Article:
You may have heard of “lining” bees – following one honeybee after another, tracking them to their honey-laden hive. Recently I lined Cliff Swallows. My initial observation was of several swallows on a mud flat in the middle of a river, loading their beaks with mud and taking flight, all in the same direction. Knowing that their nests are made of mud pellets (900-1,200 of them), I knew that they must be nesting somewhere in the vicinity. The length of time between their departure from and return to the mud flat was quite short, so I deduced that the distance they were carrying the mud and depositing it couldn’t be too great. After heading off in the direction that the swallows were flying, I eventually discovered the very beginning of a colony of Cliff Swallow nests under the eaves of a nearby barn.
The building of a nest requires not only finding a source of mud, but also ferrying lumps of it (in their beaks) back to the nest site many, many times. Once a source has been found, its location is made known to all members of the colony, and they all make use of it. Cliff Swallows belonging to the same colony not only use the same source of mud, but gather it together as a group, and return to work on their nests all at the same time. They work in roughly half-hour shifts, after which they all take a break and forage for insects for ten minutes or so before resuming work.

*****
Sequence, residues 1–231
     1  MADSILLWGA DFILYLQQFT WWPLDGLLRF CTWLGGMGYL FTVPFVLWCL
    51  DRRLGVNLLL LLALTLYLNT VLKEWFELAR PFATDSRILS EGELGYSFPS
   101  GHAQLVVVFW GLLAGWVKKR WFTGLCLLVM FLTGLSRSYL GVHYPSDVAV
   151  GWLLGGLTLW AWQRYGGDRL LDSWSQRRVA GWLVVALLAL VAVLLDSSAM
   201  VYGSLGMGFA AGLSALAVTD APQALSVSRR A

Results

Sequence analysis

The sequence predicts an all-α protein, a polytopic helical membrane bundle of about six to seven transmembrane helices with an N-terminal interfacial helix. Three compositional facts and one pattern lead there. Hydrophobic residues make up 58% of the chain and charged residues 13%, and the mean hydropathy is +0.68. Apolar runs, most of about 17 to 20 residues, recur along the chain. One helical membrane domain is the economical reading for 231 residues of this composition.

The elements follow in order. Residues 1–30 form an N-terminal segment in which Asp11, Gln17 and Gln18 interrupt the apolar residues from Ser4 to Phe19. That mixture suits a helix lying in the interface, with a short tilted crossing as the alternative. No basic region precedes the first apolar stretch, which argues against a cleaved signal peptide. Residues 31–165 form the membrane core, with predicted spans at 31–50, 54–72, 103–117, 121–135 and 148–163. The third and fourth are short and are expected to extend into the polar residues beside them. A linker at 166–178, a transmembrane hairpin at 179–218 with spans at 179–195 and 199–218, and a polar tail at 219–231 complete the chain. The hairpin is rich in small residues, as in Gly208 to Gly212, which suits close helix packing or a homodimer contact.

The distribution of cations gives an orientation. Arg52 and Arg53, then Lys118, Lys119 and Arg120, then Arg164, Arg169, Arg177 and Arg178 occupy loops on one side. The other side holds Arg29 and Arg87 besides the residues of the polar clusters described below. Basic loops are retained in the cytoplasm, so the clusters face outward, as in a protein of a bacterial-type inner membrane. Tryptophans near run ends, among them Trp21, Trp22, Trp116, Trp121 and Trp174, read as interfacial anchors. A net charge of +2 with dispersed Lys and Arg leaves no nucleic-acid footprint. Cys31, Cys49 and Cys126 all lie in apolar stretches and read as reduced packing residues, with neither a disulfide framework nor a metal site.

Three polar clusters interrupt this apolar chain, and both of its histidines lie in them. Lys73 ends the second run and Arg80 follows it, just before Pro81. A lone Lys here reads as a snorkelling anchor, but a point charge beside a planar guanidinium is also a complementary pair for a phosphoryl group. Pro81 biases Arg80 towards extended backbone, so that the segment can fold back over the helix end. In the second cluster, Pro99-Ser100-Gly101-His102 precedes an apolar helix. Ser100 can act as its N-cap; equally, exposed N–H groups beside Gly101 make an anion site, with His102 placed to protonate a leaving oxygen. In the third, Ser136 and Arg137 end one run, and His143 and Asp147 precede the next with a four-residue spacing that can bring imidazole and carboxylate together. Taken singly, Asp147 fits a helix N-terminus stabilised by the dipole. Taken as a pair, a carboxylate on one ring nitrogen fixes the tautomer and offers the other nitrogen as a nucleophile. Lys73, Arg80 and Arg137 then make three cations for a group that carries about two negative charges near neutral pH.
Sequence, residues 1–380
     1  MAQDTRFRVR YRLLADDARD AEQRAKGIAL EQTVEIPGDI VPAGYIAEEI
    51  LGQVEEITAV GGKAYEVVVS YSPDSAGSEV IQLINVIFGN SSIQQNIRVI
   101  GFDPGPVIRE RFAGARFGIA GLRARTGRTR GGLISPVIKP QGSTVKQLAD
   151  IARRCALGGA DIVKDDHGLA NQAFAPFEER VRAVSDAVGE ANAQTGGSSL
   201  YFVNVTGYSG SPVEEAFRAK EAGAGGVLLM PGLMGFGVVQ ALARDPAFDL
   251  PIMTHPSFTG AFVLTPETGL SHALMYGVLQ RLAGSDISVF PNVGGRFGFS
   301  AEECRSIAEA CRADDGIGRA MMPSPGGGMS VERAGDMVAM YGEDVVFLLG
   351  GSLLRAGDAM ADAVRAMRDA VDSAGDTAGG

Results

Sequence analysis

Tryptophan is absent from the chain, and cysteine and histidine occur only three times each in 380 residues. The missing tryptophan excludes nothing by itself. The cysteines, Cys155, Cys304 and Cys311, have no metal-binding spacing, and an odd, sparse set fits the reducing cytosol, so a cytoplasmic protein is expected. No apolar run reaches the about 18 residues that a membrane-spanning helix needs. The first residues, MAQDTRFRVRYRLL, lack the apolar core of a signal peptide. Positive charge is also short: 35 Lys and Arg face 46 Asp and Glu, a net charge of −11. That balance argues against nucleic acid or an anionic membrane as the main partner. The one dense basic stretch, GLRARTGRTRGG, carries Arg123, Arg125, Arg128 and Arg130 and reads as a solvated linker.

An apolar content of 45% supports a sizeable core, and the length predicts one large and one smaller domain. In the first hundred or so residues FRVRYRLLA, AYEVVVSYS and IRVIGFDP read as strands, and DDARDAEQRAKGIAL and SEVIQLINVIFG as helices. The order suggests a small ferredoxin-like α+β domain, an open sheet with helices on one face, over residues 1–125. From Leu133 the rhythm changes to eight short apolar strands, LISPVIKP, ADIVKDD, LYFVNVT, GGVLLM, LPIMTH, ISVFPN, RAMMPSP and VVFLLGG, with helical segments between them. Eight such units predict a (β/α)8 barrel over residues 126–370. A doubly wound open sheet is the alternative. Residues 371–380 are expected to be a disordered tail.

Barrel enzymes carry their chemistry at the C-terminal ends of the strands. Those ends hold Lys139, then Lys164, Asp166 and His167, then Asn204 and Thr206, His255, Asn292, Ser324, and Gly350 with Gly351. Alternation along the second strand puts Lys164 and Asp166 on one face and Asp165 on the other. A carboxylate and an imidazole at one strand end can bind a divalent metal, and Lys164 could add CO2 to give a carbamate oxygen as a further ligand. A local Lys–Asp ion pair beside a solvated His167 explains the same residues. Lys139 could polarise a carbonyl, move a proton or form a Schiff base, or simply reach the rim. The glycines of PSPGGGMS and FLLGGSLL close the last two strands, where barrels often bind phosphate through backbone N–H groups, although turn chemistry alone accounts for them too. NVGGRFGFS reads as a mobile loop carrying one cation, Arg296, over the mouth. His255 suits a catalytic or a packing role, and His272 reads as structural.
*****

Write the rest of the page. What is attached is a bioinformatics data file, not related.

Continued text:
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The nesting habits of Cliff Swallows are fairly unusual in that these swallows are colonial nesters. Here in the East you can find 20 or 30 of their nests under a bridge or the eaves of a barn (and occasionally on cliffs). In the West, colonies consist of up to 3,500 nests! The construction of their gourd-shaped nest requires between 900 and 1,200 trips to mud puddles or stream banks, where they gather a mouthful of mud in the form of a pellet. Often two swallows will build nests side-by-side, sharing the wall of mud that separates them. Unfortunately, according to the most recent Vermont Breeding Bird Atlas, the Cliff Swallow population in Vermont has declined by 48% in the past 25 years, a fact which is attributed to competition with House Sparrows, a decline in insects due to diminishing farm land, and destruction of nests by humans. These birds are more important insect predators than ever, with the bat population having suffered such a decline recently due to white-nose syndrome.